Running a truly productive home office requires much more than setting up a chair and desk in a spare room or corner and getting to work.
There’s a very good reason that organisations around the world are spending more and more money on workplace strategies to enhance performance, health and wellness of their employees. And it all starts with workplace design. It’s now widely acknowledged that your work environment can have a direct affect on your physical and psychological state, meaning your health, happiness and productivity. The home office is no different.
If you are serious about achieving results at home, follow my tips for a highly effective home office below, and remember as Aristotle says, ‘the whole is greater than the sum of its parts’. Don’t just try to implement one tip – they are all equally important and will make a difference to how you function, what you achieve and how you feel every time you step into your home office.
Whilst it’s not always possible to create a perfect home office space, it is possible to take the time to ensure it’s as close as you can get.
1. DEFINE YOUR WORK
Are you running a full business from home or are you doing overflow work? Will you be working days or nights and how many hours do you expect to work each session? What profession do you work in and how will that affect your space requirements? Will you see clients in your office? Do you need to phone or video conference? How do you need to feel each day at work – energetic / calm / focussed / creative…? Think about exactly what you do for a job and what you require to be on your best game and be most efficient. The answers will provide the blueprint to your office space.
2. CREATE YOUR BOUNDARIES
Once you have defined your work requirements, define how much space you will realistically need – again this will be determined by your profession. For example, if you generate lots of paperwork, you will need ample storage for filing. If you are in IT or design, you might need extended desk space for several monitors and so on. Make sure it’s an area where you will be comfortable and is practical based on the tasks you need to do and your home environment – partners, housemates, children and even pets can all affect this. Try to create a space that provides you with some privacy and is away from distractions, including the TV. It’s amazing how much house cleaning / clothes washing / drawer sorting and sock matching you can achieve when you are procrastinating in a home office. Trust me, I’ve been there. And no, apparently watching Ellen at midday is NOT considered research!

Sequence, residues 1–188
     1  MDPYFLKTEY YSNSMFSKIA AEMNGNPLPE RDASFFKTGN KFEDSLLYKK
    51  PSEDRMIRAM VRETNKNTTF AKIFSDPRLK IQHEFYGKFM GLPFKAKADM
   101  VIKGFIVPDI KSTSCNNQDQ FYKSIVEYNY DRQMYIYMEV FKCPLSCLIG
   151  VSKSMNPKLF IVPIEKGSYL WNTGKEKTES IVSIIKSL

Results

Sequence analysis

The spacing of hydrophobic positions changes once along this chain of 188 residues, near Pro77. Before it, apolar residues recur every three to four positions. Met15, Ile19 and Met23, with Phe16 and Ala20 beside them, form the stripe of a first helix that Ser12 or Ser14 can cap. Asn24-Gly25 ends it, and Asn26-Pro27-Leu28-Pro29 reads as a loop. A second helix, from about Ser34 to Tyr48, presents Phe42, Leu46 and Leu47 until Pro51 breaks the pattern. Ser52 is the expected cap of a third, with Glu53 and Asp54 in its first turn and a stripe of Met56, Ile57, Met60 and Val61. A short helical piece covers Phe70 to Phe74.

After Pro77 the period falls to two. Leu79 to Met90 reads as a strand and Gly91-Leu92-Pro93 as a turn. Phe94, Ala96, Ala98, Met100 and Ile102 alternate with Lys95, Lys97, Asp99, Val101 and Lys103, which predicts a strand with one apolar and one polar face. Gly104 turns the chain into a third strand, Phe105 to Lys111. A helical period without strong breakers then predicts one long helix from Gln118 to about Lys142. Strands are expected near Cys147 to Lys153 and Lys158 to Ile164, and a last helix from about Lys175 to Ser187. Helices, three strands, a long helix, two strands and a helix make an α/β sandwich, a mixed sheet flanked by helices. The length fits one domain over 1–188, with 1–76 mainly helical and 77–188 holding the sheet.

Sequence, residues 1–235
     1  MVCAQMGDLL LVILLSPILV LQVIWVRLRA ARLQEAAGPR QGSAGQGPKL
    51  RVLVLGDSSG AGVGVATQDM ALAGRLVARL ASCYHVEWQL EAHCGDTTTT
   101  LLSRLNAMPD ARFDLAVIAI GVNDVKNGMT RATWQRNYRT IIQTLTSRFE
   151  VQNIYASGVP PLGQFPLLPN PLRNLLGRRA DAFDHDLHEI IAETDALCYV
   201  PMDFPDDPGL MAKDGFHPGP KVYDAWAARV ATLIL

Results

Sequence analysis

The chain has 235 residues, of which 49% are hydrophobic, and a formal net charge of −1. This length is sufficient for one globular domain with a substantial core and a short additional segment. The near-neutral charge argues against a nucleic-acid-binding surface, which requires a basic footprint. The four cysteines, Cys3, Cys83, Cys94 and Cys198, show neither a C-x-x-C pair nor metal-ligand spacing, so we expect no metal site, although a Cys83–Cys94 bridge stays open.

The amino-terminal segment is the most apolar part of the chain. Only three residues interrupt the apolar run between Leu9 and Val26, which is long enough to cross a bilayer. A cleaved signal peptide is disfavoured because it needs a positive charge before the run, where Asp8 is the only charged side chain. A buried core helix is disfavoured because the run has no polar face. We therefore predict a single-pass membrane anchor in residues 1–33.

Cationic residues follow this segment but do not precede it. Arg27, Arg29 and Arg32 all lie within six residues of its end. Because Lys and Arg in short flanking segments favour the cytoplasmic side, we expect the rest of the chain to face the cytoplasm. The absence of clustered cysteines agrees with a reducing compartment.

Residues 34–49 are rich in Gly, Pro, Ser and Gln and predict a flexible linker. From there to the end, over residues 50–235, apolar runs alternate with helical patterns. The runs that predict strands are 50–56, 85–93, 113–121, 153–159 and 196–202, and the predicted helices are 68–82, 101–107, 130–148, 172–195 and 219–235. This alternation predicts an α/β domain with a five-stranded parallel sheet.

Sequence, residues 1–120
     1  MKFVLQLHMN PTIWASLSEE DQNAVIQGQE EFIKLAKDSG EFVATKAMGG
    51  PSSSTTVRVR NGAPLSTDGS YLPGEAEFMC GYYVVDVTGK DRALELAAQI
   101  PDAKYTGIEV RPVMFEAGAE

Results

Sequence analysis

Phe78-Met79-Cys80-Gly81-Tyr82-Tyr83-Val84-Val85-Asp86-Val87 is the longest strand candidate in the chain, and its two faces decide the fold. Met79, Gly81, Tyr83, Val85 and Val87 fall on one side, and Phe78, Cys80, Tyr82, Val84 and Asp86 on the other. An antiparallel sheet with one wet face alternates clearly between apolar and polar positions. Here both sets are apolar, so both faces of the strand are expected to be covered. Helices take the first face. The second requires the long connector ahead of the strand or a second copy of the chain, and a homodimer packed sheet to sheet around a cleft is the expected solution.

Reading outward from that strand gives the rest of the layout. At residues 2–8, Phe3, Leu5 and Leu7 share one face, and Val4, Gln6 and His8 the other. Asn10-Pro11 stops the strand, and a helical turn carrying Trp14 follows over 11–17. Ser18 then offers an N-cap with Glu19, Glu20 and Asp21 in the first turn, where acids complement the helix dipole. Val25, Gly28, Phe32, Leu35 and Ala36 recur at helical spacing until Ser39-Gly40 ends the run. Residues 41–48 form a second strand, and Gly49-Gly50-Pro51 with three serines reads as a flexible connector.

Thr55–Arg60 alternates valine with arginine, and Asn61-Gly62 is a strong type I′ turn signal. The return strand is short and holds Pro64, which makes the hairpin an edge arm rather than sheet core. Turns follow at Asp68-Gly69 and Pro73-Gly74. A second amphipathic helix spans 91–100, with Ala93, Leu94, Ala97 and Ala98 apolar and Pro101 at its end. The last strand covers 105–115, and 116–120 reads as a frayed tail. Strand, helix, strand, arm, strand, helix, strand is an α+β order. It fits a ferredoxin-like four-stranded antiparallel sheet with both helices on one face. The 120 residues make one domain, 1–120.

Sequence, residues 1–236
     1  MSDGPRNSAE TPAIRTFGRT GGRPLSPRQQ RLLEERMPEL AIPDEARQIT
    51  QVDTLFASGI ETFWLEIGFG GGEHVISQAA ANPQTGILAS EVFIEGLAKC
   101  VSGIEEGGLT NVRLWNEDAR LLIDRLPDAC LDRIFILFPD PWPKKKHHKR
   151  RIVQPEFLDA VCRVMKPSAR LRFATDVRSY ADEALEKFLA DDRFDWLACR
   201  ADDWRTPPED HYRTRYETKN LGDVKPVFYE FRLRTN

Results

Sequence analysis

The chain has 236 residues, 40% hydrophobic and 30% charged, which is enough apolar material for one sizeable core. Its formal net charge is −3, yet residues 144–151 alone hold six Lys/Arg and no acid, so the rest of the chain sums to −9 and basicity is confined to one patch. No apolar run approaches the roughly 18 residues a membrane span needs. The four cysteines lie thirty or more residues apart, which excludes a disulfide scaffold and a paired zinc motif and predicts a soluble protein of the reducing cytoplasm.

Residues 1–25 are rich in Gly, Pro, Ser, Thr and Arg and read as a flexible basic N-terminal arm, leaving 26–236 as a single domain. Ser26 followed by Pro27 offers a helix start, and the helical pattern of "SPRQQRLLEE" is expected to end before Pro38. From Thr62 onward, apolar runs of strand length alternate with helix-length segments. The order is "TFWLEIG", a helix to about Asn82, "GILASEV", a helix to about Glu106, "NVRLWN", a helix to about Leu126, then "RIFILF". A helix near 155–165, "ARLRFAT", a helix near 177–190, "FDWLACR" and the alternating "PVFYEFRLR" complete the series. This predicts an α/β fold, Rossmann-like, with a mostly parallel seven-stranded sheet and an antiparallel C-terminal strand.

If you will need to hold phone or video conferencing, or see clients or patients, you will need a room / area that is as soundproof as possible. If you don’t have the option of turning a spare room into an office, try to create a division between your workspace and the rest of the house. Consider a screen or open bookshelf if all else fails.
3. CONSIDER THERMAL COMFORT
If possible, choose a room or space that can provide you with a comfortable temperature and an option for fresh air. If you don’t have much of a choice and you find yourself in a particularly cold or hot area, then install the necessary equipment to bring the temperature to a comfortable level. Temperatures that are too hot or too cold can contribute to fatigue and decreased productivity.
4. FOCUS ON LIGHT
Aim for a space with as much natural light as possible. If you have an option that provides a view, take it. Combine this with good general and task lighting. Always choose LED where possible. Light sources affect tiredness, eyestrain, and energy levels, not to mention the simple psychology of being in a lovely light space versus a dark one. To avoid glare, don’t place overhead lighting directly above computer screens, and don’t put a computer screen directly in front of a light source to avoid eyestrain.